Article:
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Looks like the solar market is getting interesting. GE and LG Electronics are making big moves this week with announcements that they will enter the U.S. solar market. GE is making two pushes into thin-film solar, and LG is launching its photovoltaic solar panels and has plans for some heavy R&D spending.
Both companies are entering the market as demand for solar continues to grow, with the U.S. market’s installed solar capacity projected to grow over 100 percent this year over 2009.
LG is investing $820 million over the next five years in solar cell research and manufacturing, with the goal of increasing capacity to over one gigawatt. It unveiled multicrystalline and monocrystalline photovoltaic solar panels (slated for sale in the U.S. market) at the Solar Power International conference in Los Angeles taking place this week.
GE, for its part, has offerings in two types of thin-film solar technologies. One is cadmium telluride panels, which it will team up with Colorado-based PrimeStar Solar to make commercially available in 2011. It has also signed an agreement with Solar Frontier, subsidiary of Japanese energy group Showa Shell, which will open a 900-megawatt factory in early 2011. GE and Solar Frontier are making available thin-film panels made with CIGS technology, named for its components, copper, indium, gallium and selenide. It is also offering solar inverters based on a similar inverter used in its wind turbines.
This marks a significant push into the solar sector by GE, which is growing its renewable energy division’s reach. Bloomberg notes that CEO Jeffrey Immelt has put over $1 billion into research and development in the area since 2002, when the company acquired Enron’s renewable energy business.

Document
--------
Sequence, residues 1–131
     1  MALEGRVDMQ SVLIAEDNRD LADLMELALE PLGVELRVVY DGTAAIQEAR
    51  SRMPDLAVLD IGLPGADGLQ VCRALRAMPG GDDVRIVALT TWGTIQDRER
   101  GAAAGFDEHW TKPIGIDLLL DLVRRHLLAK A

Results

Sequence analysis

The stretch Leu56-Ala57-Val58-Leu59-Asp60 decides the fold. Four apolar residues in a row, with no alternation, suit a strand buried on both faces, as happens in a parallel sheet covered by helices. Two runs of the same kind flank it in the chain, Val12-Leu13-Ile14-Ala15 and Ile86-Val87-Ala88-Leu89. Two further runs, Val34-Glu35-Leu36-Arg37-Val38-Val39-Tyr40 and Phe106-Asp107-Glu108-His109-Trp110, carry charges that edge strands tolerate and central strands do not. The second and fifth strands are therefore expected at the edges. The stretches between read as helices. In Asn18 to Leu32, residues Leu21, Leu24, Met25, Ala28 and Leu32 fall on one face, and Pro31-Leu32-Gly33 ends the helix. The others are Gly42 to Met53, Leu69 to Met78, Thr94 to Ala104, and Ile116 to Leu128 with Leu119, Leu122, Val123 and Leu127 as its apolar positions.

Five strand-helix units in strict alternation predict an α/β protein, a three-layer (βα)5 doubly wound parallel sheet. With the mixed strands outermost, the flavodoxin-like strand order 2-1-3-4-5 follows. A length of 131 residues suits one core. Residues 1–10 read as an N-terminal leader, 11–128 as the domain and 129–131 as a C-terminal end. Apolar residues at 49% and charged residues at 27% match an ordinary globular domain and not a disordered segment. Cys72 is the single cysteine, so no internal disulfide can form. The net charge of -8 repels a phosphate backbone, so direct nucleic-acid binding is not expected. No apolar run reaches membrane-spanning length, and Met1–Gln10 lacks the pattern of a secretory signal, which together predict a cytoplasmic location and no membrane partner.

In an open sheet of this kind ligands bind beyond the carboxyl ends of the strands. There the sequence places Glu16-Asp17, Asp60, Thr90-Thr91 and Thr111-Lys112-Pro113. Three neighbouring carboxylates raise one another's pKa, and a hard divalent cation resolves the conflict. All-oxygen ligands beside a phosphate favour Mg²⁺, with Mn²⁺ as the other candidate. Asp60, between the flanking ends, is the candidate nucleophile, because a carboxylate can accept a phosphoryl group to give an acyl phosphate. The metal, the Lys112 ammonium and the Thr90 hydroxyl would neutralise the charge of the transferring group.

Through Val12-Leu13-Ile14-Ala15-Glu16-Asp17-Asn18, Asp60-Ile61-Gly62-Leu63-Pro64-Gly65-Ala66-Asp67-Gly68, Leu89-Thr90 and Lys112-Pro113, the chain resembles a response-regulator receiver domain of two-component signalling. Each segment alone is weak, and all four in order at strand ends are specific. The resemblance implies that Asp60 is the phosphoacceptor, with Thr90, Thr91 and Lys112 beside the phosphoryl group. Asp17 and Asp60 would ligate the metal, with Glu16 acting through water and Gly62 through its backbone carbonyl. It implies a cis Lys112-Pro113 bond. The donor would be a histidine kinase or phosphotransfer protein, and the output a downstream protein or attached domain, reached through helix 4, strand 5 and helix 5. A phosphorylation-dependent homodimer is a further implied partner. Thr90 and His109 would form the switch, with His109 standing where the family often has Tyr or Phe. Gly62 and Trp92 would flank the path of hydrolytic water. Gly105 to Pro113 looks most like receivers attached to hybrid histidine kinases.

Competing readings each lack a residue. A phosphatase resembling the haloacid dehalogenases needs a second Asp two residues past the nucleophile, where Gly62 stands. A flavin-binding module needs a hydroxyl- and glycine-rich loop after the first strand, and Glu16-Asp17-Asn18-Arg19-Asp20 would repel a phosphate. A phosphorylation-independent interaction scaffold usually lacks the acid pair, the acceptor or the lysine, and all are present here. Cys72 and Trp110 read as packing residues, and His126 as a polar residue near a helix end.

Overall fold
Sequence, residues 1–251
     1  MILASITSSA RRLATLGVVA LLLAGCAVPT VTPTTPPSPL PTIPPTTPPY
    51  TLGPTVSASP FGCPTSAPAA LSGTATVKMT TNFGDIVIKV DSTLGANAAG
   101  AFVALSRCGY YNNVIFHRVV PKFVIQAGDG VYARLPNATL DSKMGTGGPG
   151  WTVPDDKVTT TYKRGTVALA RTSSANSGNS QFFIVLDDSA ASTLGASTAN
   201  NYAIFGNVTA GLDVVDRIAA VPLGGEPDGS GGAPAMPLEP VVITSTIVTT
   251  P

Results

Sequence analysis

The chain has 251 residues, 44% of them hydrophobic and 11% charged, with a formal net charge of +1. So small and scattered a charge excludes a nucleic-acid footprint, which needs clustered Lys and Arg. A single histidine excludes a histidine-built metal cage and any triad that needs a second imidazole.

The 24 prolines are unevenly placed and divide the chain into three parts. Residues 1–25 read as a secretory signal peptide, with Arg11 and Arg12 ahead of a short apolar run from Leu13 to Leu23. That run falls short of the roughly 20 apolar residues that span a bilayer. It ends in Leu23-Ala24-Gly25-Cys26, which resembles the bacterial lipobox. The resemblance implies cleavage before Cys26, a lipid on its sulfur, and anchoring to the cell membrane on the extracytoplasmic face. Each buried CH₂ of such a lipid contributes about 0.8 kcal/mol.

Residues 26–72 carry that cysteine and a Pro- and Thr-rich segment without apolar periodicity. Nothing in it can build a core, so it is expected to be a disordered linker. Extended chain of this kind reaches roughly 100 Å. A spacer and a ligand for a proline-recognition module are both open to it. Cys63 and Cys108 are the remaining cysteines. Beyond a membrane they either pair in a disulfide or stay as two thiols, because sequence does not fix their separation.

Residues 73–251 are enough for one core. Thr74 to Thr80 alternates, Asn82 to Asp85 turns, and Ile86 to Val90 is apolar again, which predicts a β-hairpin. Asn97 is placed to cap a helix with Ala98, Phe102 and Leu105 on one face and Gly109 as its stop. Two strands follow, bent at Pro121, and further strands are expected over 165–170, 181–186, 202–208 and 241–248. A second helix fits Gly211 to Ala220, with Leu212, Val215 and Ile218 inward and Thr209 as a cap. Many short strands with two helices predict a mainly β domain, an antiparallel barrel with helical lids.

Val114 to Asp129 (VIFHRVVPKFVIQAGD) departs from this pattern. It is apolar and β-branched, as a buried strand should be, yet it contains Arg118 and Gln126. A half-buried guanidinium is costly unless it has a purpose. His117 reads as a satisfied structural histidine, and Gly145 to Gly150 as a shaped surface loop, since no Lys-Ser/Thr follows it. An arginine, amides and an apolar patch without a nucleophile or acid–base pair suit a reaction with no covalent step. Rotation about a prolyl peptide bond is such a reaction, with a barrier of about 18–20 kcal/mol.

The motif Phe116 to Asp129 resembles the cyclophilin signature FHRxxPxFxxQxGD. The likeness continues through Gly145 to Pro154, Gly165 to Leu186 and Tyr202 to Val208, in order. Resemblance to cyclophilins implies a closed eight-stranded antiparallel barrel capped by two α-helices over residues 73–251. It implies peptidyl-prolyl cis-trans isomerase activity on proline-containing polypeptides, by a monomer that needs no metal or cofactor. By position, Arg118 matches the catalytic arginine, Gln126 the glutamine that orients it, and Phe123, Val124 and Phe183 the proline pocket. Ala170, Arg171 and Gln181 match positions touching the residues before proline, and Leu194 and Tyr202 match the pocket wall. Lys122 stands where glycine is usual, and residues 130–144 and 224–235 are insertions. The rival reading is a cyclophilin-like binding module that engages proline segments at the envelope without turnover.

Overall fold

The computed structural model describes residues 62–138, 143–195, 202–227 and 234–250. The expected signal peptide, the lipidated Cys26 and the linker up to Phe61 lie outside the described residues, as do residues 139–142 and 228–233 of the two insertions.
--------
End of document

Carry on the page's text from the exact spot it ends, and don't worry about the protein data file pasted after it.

“We expect to grow faster than the market, and we’re going to do it as a technology leader,” said Victor Abate, vice president of GE’s renewable energy branch, in an interview with Bloomberg. “This is a big-bet commitment that GE’s making in renewable energy, and the next big phase is solar.
As Earth2Tech notes, GE’s thin-film aspirations — in particular the cadmium-telluride partnership with PrimeStar — are a direct challenge to industry leader First Solar, which makes thin-film cadmium telluride panels and has a head start on the game. DCM and Technology Partners-backed Abound Solar has also been making strides in cadmium telluride thin film, winning a $400 million conditional loan guarantee from the Department of Energy, and its CEO Tom Tiller is a former GE executive. Lux Research praised Abound in a recent report, marking it a strong IPO contender for next year.
In an interview with VentureBeat, DCM general partner Pete Moran explained the reasoning behind Abound’s focus on cadmium telluride panels versus CIGS technology. CIGS producers, he said, “have had a very hard time getting (it) to actually work commercially,” namely because there are four ingredients to work with instead of cadmium telluride’s two.
“We certainly intend to be in very short order one of the lowest cost-producers on the planet,” he said of Abound. The cad-tel approach has “fewer steps in the process that we believe, in the long term, can driver fewer costs per watt.”
Still, American solar innovators like MiaSolé, Solyndra and Nanosolar are scrambling to retool their strategies in the wake of price-competitive Chinese companies eating into the U.S. market, the New York Times wrote today. Other companies have pulled out of thin-film solar altogether, as Applied Materials did in July.
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